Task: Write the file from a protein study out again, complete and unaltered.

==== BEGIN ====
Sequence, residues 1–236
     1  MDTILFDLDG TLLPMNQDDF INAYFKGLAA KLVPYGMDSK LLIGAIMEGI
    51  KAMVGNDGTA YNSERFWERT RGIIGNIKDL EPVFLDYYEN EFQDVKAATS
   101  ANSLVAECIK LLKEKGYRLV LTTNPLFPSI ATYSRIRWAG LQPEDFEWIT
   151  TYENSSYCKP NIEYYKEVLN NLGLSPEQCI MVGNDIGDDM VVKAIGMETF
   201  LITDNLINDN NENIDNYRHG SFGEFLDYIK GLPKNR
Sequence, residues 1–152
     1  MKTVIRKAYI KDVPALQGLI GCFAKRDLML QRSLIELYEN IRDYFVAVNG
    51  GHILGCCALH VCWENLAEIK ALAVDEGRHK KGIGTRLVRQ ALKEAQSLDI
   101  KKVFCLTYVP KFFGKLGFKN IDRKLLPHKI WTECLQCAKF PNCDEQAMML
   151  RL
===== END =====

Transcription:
Sequence, residues 1–236
     1  MDTILFDLDG TLLPMNQDDF INAYFKGLAA KLVPYGMDSK LLIGAIMEGI
    51  KAMVGNDGTA YNSERFWERT RGIIGNIKDL EPVFLDYYEN EFQDVKAATS
   101  ANSLVAECIK LLKEKGYRLV LTTNPLFPSI ATYSRIRWAG LQPEDFEWIT
   151  TYENSSYCKP NIEYYKEVLN NLGLSPEQCI MVGNDIGDDM VVKAIGMETF
   201  LITDNLINDN NENIDNYRHG SFGEFLDYIK GLPKNR
Sequence, residues 1–152
     1  MKTVIRKAYI KDVPALQGLI GCFAKRDLML QRSLIELYEN IRDYFVAVNG
    51  GHILGCCALH VCWENLAEIK ALAVDEGRHK KGIGTRLVRQ ALKEAQSLDI
   101  KKVFCLTYVP KFFGKLGFKN IDRKLLPHKI WTECLQCAKF PNCDEQAMML
   151  RL